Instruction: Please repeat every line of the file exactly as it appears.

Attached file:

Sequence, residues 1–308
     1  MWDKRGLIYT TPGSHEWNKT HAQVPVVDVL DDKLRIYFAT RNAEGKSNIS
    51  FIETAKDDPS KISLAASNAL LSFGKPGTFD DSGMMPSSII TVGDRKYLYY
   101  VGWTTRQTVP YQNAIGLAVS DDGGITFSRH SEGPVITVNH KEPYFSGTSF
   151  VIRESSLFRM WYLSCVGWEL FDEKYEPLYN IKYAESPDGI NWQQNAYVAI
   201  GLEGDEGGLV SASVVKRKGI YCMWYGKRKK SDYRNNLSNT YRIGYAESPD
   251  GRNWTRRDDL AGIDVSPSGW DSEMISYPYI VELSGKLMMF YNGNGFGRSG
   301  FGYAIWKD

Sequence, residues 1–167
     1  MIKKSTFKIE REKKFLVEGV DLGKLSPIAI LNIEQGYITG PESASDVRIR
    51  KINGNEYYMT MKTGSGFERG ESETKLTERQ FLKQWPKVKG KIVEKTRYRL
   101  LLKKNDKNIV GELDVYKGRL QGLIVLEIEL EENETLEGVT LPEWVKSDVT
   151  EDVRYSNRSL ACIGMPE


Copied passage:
Sequence, residues 1–308
     1  MWDKRGLIYT TPGSHEWNKT HAQVPVVDVL DDKLRIYFAT RNAEGKSNIS
    51  FIETAKDDPS KISLAASNAL LSFGKPGTFD DSGMMPSSII TVGDRKYLYY
   101  VGWTTRQTVP YQNAIGLAVS DDGGITFSRH SEGPVITVNH KEPYFSGTSF
   151  VIRESSLFRM WYLSCVGWEL FDEKYEPLYN IKYAESPDGI NWQQNAYVAI
   201  GLEGDEGGLV SASVVKRKGI YCMWYGKRKK SDYRNNLSNT YRIGYAESPD
   251  GRNWTRRDDL AGIDVSPSGW DSEMISYPYI VELSGKLMMF YNGNGFGRSG
   301  FGYAIWKD

Sequence, residues 1–167
     1  MIKKSTFKIE REKKFLVEGV DLGKLSPIAI LNIEQGYITG PESASDVRIR
    51  KINGNEYYMT MKTGSGFERG ESETKLTERQ FLKQWPKVKG KIVEKTRYRL
   101  LLKKNDKNIV GELDVYKGRL QGLIVLEIEL EENETLEGVT LPEWVKSDVT
   151  EDVRYSNRSL ACIGMPE